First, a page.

Venetian Bridge, Clacton-on-Sea, England


The Bridge, Clacton-on-Sea
c.1930

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Clacton-on-Sea is the largest town in the Tendring peninsula and district in Essex, eastern England, and was founded as an urban district in 1871. . . . In 1871 the Essex railway engineer and land developer Peter Bruff, the steamboat owner William Jackson, and a group of businessmen built a pier and the Royal Hotel (now converted to flats) on a stretch of farmland adjoining low gravelly cliffs and a firm sand-and-shingle beach near the villages of Great and Little Clacton. The town of Clacton-on-Sea was officially incorporated in 1872 and laid out rather haphazardly over the next few years: though it has a central ‘grand’ avenue (originally Electric Parade, now Pier Avenue) the street plan incorporates many previously rural lanes and tracks, such as Wash Lane. Plots and streets were sold off piecemeal to developers and speculators. In 1882 the Great Eastern Railway already serving the well-established resort of Walton-on-the-Naze along the coast, built a spur to Clacton-on-Sea with a junction at Thorpe-le-Soken. Clacton grew into the largest seaside resort between Southend-on-Sea and Great Yarmouth, with some 10,000 residents by 1914 and approx. 20,000 by 1939.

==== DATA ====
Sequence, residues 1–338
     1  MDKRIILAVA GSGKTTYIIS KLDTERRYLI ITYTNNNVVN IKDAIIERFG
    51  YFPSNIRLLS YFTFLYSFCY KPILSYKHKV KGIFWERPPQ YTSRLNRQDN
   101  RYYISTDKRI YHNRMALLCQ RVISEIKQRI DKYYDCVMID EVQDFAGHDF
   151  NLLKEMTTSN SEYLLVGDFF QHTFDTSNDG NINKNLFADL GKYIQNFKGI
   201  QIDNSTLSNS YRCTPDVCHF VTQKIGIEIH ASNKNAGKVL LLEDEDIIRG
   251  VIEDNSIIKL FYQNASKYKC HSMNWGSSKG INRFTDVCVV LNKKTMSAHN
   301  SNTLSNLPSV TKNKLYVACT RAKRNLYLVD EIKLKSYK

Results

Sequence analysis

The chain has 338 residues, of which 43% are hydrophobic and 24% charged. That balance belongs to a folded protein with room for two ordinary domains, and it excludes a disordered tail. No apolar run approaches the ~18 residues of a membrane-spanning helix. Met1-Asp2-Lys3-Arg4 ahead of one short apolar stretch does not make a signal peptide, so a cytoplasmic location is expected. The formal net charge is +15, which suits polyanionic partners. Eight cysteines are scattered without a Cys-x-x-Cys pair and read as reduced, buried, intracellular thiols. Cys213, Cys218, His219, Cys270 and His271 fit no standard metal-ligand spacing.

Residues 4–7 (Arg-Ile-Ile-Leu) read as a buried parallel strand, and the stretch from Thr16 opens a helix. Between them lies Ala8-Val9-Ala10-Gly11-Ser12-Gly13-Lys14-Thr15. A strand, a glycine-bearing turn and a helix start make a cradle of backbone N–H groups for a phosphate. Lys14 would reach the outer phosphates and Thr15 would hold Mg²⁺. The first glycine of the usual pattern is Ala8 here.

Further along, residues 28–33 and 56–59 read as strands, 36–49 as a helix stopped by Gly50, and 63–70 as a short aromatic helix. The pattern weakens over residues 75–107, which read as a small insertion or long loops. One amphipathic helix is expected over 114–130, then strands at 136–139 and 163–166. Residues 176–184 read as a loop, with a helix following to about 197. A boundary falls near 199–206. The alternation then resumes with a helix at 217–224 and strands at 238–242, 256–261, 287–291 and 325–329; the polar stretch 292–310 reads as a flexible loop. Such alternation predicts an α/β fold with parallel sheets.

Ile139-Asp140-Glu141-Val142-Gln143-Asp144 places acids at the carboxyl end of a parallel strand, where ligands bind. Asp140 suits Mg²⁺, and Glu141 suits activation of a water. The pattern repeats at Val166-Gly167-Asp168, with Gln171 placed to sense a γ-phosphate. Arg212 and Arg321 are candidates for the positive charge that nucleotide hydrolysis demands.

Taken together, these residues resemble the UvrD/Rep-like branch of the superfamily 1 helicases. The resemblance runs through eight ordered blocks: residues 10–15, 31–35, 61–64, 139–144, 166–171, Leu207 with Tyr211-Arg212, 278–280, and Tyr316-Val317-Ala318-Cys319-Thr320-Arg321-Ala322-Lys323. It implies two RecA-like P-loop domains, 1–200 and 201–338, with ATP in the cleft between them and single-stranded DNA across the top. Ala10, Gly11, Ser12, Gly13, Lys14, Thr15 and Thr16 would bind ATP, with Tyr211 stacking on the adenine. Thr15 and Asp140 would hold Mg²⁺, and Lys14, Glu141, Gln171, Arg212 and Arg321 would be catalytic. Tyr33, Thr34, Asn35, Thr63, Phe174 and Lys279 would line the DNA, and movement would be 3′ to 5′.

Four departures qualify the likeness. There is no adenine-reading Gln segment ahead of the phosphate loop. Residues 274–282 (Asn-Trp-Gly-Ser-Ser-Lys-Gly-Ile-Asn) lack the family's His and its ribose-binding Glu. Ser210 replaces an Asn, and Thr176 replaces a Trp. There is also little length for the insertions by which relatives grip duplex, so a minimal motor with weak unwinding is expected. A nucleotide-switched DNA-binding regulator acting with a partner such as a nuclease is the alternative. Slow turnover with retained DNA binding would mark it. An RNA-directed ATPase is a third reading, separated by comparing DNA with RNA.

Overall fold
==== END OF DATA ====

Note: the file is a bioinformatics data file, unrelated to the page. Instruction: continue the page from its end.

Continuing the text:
Wikipedia.20

The bridge crosses Pier Gap that leads down to the pier from the town. It was built in 1914 to provide pedestrian access from the seaside attractions on the cliff on one side of the gap to the other.
Geograph

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